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From the classroom to the court

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Showing her sophomore girls how to properly serve the ball, coach Villegas laughs as she watches the players learn from their unsuccessful attempts at serving the ball to their partners.

Showing her sophomore girls how to properly serve the ball, coach Villegas laughs as she watches the players learn from their unsuccessful attempts at serving the ball to their partners.

Maria Risner

Maria Risner

Showing her sophomore girls how to properly serve the ball, coach Villegas laughs as she watches the players learn from their unsuccessful attempts at serving the ball to their partners.

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Set, spike, ace. Spanish teacher of 13 years, Christina Villegas, has taken on the 2017 sports season as the new junior varsity volleyball coach.

Villegas played a multitude of sports during her years of school, but volleyball had been one of her greatest passions.  Already a full time teacher, Villegas applied as soon as she heard the coaching position was up for the taking.

“I have always wanted to be a coach,” Villegas said. “I helped out the coach in a non-paid position at my previous school.” She played volleyball through all of standard junior high, high school and college intramural.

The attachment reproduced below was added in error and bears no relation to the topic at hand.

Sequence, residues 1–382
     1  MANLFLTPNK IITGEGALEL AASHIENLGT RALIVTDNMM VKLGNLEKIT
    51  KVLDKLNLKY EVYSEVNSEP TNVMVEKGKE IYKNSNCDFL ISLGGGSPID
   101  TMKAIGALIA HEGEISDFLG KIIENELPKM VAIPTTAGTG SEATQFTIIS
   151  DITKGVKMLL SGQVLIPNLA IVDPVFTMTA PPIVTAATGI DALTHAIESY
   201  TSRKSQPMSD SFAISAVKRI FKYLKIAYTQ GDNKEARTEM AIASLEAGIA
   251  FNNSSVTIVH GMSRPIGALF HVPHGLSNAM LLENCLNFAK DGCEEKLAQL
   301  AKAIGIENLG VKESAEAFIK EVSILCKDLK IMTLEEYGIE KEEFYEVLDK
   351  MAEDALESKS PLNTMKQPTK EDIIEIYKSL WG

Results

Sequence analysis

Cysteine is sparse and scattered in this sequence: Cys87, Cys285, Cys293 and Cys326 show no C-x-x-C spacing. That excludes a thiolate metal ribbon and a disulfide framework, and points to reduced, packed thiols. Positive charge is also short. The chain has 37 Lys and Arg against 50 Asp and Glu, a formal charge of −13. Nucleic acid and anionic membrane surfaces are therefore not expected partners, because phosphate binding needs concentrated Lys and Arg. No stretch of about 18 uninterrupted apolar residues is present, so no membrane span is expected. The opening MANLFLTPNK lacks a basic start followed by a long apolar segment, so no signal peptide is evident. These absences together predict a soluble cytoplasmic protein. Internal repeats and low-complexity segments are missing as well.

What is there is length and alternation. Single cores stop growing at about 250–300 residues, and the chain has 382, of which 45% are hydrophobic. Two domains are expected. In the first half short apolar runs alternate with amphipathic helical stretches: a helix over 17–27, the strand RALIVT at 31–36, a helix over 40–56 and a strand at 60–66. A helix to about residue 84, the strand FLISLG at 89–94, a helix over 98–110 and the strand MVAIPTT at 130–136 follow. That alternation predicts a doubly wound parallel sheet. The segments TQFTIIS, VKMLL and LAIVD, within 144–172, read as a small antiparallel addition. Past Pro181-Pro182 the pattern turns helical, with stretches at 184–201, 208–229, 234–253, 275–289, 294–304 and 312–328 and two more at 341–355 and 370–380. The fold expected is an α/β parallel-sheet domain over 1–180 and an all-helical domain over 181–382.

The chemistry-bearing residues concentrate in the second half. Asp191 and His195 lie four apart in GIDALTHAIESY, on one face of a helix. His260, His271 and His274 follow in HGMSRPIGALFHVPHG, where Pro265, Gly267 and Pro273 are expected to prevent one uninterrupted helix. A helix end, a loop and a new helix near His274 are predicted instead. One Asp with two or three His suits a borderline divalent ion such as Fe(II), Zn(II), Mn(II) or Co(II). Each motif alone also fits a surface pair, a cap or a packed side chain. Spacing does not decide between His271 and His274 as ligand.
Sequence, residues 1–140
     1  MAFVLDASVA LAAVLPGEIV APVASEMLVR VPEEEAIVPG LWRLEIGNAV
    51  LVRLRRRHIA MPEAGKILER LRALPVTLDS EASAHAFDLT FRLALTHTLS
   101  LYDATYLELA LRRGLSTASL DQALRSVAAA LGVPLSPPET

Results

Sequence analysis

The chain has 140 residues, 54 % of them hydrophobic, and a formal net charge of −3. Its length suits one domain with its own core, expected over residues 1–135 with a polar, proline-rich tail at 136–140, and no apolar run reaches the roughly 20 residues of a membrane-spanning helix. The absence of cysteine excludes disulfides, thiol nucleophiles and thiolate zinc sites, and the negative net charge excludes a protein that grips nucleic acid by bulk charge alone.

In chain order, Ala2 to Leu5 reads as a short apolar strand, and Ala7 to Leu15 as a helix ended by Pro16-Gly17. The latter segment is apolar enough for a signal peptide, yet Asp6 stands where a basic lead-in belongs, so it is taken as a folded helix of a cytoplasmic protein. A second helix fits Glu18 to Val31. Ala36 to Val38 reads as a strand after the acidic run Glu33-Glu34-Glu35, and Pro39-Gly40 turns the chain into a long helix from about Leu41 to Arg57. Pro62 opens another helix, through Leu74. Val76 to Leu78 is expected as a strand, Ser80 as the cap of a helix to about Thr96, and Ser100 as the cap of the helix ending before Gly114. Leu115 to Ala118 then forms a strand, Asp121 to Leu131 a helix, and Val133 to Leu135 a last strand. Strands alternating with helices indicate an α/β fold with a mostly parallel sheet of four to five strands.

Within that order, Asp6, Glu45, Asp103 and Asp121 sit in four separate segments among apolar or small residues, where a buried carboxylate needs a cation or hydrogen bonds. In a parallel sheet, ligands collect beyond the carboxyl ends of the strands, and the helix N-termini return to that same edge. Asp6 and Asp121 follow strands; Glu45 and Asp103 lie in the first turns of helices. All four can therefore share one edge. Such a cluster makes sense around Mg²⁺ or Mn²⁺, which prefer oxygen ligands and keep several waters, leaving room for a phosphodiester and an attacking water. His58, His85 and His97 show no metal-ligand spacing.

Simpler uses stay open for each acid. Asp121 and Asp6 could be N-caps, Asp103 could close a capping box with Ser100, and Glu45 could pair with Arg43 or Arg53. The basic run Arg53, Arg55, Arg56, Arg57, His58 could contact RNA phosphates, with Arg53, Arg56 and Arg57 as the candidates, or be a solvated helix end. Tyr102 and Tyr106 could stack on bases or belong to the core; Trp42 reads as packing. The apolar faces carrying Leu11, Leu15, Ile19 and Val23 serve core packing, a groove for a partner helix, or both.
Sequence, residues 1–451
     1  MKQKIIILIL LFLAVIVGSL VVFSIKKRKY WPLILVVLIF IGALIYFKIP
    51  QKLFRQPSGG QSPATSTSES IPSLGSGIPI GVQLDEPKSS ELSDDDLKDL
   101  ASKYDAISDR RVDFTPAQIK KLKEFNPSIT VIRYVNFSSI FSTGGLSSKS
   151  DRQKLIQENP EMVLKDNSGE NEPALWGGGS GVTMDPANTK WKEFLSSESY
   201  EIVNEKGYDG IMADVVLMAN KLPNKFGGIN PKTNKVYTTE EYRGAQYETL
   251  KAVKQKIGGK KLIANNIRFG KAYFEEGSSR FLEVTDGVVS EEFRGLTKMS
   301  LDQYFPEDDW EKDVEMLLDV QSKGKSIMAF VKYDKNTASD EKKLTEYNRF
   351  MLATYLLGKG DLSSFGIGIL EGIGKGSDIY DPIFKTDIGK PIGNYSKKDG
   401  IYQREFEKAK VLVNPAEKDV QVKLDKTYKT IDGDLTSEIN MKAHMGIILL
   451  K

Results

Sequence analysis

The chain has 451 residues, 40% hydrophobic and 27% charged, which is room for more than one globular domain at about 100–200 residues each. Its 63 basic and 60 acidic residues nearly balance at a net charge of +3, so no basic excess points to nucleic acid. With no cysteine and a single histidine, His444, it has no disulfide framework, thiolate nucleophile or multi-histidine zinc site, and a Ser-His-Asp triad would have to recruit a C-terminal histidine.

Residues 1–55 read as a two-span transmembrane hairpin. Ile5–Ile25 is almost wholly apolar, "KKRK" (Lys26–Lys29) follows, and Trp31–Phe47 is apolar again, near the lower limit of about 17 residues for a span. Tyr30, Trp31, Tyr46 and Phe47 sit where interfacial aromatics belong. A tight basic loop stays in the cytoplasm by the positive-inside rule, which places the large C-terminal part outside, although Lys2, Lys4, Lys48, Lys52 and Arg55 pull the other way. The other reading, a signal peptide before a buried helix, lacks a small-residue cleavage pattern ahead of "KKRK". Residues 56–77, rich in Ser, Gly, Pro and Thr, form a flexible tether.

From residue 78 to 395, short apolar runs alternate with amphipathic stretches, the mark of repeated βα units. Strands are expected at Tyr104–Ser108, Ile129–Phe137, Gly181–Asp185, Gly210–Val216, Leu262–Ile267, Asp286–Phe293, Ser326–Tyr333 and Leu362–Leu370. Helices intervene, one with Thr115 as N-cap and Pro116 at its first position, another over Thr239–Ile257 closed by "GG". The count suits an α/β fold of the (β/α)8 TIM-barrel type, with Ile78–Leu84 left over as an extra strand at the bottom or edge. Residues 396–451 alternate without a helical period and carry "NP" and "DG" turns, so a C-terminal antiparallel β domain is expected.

“Believe it or not, I was a diehard athlete. Lived and died for sports.” Villegas said. “People don’t really see that from me.” She had played as setter and took on the position as the team leader. She came to the area to teach, and it lead her to take a long sabbatical from her volleyball passion. “I came from a family of coaching,” Villegas said. Her father served as a Whittemore-Prescott baseball coach for 40 years.

Being a teacher, she figured she would use her own classroom techniques out on the court to put a new spin on old traditions. Establishing the bonds between athletes on a team has been a goal for Villegas. She turns this into reality for her team by using skills she has come to know from her past knowledge and her work in the classroom.

“The girls have to work with everyone on the team, not just their favorite people.” She also tries to help make the girls more aware of when they are making an error. For every error means you have to win two points more than the opposing team. This concept is referred to as “washing” in volleyball.

“You have to come back with a force. You have to come back with a vengeance,” Villegas said,

she entered this season with a firm motto in mind: “When you believe it, you’ll see it. It came from the book, ‘The Mindful Athlete.”’

“It changes the old, ‘I’ll believe it when I see it,”’ she said. Over the course of the season, Villegas had seen much strength and perseverance in her volleyball players even with the transition of the athletes seeing her go from the classroom to the court.

“It’s weird seeing her going from a teacher to a coach,” sophomore middle hitter Isabelle Bliss said. “It’s different, but she has been very good and supportive, like a normal coach.”

Villegas was more than happy to have been a mentor to the girls this season. “I think they are a great group of kids who truly want to go out and do their best and have the potential to go out and do their best. I hope someday, that they are able to go out and go as far as they can,” coach Villegas said.

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From the classroom to the court